Mike Evenson: And I’m assuming so it literally was a parking lot.


Laurie Squire: Some of them were. Yeah. So it would be like a state fairgrounds. It was, you know, retail mall parking lots. It was those things, those places. They had spaces where, you know, families could be in their car, could drive through. There was an audio tour where they could listen and hear about what they were seeing. And, you know, in a what they were needing at that point was a safe environment where they felt like they, you know, could enjoy being with their family. But but but, you know, be distanced from other folks as well.


Mike Evenson: I just think there’s a lot of parallels because not a lot of, you know, live event organizations don’t maybe have the flexibility or so they think to be able to just pick up and move and plop down somewhere else and just make lemonade out of lemons, as you’re kind of saying. But, you know, we saw that time and time again with with Covid, whether it was going virtual or whether it was doing things, you know, in a socially distanced manner and and stuff, I think there was a lot of innovation that came came out of this pandemic in our industry. And when I heard about Dino Safari and just I wasn’t for some reason I was picturing rolling hills and everything and Jurassic Park. But of course, it was, you know, a state fairground. But, you know, I think to be able to kind of to design that and really think about kind of what, you know, how can we keep our, you know, our value proposition and do what we do great, but in a way that that people can enjoy during Covid, you’re one think shining example. And I would just encourage organizations who are used to kind of, you know, four walls in a stage to kind of start thinking regardless of the pandemic, you know, to start thinking about how do we start, you know, moving our organization, our brand outside of these walls, outside of this, you know, of where we’re typically presenting our content, insert ourselves into our community and find new people. And so, you know, I just think that Dino Safari was a great example of that. Is it how is it shifted? I guess, your philosophies around kind of future exhibits and stuff? Are you, you know, did this create a whole new opportunity in your mind or was it just kind of a time and place because of the pandemic?


Laurie Squire: Well, it definitely was spawned by sort of how how can we react quickly. And Tom Zahler, who’s the president and owner of Imagine Exhibitions, is nothing if not kind of visionary about what he wants to do and what he’s willing to press his team to do on his behalf. I think we all were sort of like wide eyed and following behind around like, okay, are we going to really get this done? And, you know, he had sort of the boldness to sort of say, yes, let’s let’s make this happen. And I think that, you know, sometimes you you take those you make those decisions from a point of you’re experiencing some sort of pain point, right? And you are like, okay, how am I going to react to that? And, you know, certainly the pandemic has forced all of us into sort of this crucible, if you will, of pressure around what are we going to do and how do we react to that. And it’s created some very interesting, I think, ways innovations. I think as you talked about, ways to innovate on that part. I’m really hopeful, certainly as time goes on that that pressure and drive to innovate stays with us. Right. And I think that that becomes a way to really help move this industry, especially forward in the ways that I think becomes really as people start to identify and I’m hoping it probably spent some time over these past couple of years really thinking about what is it that’s important to me right now. And I think for many people it’s about spending time with family, doing, you know, once in a lifetime things. And I think this this industry is sitting in a very a very good place to take advantage of that as time goes on here.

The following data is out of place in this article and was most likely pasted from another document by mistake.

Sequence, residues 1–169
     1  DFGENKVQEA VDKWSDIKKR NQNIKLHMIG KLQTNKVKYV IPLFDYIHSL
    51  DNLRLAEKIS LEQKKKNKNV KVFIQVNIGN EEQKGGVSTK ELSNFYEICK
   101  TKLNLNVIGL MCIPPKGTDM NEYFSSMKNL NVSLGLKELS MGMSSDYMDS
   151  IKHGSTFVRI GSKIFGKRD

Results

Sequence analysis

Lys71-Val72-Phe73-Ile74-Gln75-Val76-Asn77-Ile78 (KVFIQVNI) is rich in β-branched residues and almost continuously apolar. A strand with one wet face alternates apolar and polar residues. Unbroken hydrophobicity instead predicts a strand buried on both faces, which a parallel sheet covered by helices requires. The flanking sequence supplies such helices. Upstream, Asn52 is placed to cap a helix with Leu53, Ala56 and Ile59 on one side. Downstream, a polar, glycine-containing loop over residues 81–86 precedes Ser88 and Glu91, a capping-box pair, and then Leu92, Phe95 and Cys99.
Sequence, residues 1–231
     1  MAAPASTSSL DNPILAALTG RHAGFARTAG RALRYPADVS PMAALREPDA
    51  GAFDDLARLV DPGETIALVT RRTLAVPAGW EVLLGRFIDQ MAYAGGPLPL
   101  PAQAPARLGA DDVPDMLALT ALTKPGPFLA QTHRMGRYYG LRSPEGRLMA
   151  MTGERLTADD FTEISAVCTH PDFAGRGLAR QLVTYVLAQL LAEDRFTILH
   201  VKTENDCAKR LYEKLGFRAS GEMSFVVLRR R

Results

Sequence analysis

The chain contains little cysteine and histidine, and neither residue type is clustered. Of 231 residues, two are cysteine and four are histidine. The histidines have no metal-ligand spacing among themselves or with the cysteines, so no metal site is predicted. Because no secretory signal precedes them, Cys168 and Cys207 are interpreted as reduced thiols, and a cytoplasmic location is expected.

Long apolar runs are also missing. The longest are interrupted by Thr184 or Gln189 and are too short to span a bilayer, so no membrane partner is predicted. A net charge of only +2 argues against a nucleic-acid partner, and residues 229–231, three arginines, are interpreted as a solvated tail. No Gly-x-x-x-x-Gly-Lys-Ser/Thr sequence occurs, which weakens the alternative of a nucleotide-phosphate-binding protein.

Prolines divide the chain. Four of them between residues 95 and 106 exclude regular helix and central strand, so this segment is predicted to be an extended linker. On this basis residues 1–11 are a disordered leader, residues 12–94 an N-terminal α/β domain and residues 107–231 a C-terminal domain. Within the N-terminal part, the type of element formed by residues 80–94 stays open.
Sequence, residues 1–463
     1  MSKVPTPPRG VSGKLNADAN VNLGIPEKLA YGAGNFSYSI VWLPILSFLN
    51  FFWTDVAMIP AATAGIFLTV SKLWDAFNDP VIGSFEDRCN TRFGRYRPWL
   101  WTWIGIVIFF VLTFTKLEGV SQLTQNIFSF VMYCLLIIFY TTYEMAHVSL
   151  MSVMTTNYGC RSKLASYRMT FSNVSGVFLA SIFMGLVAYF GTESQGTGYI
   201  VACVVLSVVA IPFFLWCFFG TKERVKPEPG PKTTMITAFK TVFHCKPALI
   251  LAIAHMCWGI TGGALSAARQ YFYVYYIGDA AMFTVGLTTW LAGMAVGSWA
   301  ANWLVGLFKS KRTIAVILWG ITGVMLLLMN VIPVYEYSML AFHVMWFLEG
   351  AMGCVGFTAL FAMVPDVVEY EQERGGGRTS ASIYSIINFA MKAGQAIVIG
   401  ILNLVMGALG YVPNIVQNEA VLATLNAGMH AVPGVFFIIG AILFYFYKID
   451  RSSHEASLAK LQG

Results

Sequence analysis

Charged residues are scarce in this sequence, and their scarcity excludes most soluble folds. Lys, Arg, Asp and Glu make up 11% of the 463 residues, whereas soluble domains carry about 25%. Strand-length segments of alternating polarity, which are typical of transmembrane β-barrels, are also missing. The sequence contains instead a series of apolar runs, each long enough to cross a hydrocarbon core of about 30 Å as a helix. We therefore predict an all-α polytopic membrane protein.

Mike Evenson: Yeah, well, especially, I think as things are reopening, I just think that appetite, you know, to kind of get back out there and see things and do things is is greater, greater than ever. So are you seeing, though, you know, one of the things I would say that our industry is struggled with is we’ve generally been pretty rigid with regards to kind of. I guess the the. Ability for consumers to be flexible. That’s why I’m using the word rigid. But Covid kind of forced this this this flexibility to come forward. I mean, I’m talking about things like exchange policies and adding adding things, removing things like, you know, in general. I mean, I used to be in a box office and, you know, I swear I use no more than more than any other word. And I think like that’s a flawed approach as I look back. And if I could do it all over again, I would have been much more accommodating to the flexibility for the consumer. And I’m curious, you know, what have you seen that shift as well? Do you think that that that flexibility, again, is one of those things that will have staying power in our industry? Or do you think that inevitably we’ll go back to more of that rigid sorry, you bought this ticket, you can’t exchange it, you can’t return it. We’re like, do you guys have a point of view on that? And, and do you personally think that that’s going to shift over time?